9 , + % In many gambling games, trusting your intuition about probability can be disastrous. A simple betting game with three cards proves it. Three cards are manufactured to special specifications. The first card has a spade on both sides. The second card has a diamond on both sides. The third card has a spade on one side and a diamond on the other. The banker shakes the cards in a hat and lets you draw one card randomly, putting it on the table. He then bets even money that the underside suit is the same as the top. To con you into thinking it is a fair game, the banker tells you that your card cannot be the spadespade card. Therefore, it is either the spadediamond card or the diamonddiamond card, so you and he have equal chances of winning. What is the expected monetary value of the game? Suppose the bet is one dollar and the diamond is the showing suit. Let Y denote the money you win including your bet. Label the sides of the diamonddiamond card A or B. In the following the first symbol is the side that is on top. y Elementary Events f(y) yf(y)  (, ) ( A, B) ( B, A) /3 /3 /3 /3 E(Y) /3
10 +*+. % An old carnival and casino game dating back to the early 800 s, chuckaluck appears to be a fair game. To play the game, players bet one dollar and choose a number from one to six; three dice are tossed and the bankers pays a dollar for each die showing the players number. If there were only one die, a number has winning probability /6. However, with two dice, it seems the number has winning probability /6. Even more so, with three dice, it seems the number has winning probability of 3/6, so since the game pays one to one, this seems to be a fair game. However, the banker has the advantage when there are doubles or triples since he must pay back the original bet only once even though the winning number is showing two or three times. When all numbers are different, the banker breaks even. Suppose there are six players, each choosing a different number. Y represents the banker s wins and losses. For a triplet, say, the banker gives back three to the winning player plus her original bet, for a net profit of two dollars. For a double, say, the banker gives back two dollars to the double plus one, and one dollar plus one to the single, for a net profit of one dollar. For all singles, say 4, the banker gives back one dollar plus one to each winning player for a net profit of zero. The expected monetary value for the banker is 0/ dollars for six players, or dollars per player. The following table demonstrates the calculations.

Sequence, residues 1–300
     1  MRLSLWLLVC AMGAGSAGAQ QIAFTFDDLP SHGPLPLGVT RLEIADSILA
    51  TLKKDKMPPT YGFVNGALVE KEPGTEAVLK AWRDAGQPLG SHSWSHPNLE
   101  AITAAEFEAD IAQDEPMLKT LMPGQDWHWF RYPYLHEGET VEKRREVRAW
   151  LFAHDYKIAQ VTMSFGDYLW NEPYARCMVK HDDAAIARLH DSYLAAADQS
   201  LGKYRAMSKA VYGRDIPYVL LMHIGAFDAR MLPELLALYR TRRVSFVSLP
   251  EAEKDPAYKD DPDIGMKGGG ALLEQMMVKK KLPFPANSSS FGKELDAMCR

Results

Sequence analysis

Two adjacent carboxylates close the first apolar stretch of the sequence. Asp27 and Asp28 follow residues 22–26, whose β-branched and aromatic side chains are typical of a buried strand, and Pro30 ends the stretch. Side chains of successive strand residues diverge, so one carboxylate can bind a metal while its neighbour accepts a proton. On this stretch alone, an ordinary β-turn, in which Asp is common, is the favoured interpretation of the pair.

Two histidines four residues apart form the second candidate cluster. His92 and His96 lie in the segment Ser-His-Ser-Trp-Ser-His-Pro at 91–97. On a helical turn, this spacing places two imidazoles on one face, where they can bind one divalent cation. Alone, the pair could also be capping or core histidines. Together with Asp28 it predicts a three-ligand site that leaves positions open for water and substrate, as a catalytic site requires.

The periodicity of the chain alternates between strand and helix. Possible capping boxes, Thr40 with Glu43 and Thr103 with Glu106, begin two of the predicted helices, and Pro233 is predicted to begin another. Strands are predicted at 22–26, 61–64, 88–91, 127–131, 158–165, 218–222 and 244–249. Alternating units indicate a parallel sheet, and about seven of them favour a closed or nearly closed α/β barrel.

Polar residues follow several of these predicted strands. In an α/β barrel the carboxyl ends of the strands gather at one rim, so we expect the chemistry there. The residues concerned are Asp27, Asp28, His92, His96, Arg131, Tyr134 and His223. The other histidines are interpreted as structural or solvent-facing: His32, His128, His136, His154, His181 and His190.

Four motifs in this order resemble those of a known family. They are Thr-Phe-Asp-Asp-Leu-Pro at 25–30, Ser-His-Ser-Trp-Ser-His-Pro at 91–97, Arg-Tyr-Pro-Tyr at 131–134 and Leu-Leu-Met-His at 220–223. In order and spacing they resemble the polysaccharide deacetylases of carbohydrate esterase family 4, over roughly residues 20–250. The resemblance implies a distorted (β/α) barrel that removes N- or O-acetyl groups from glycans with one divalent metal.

11 Type of event Triplet Double Elementary Events All Singles E(Y) 0 6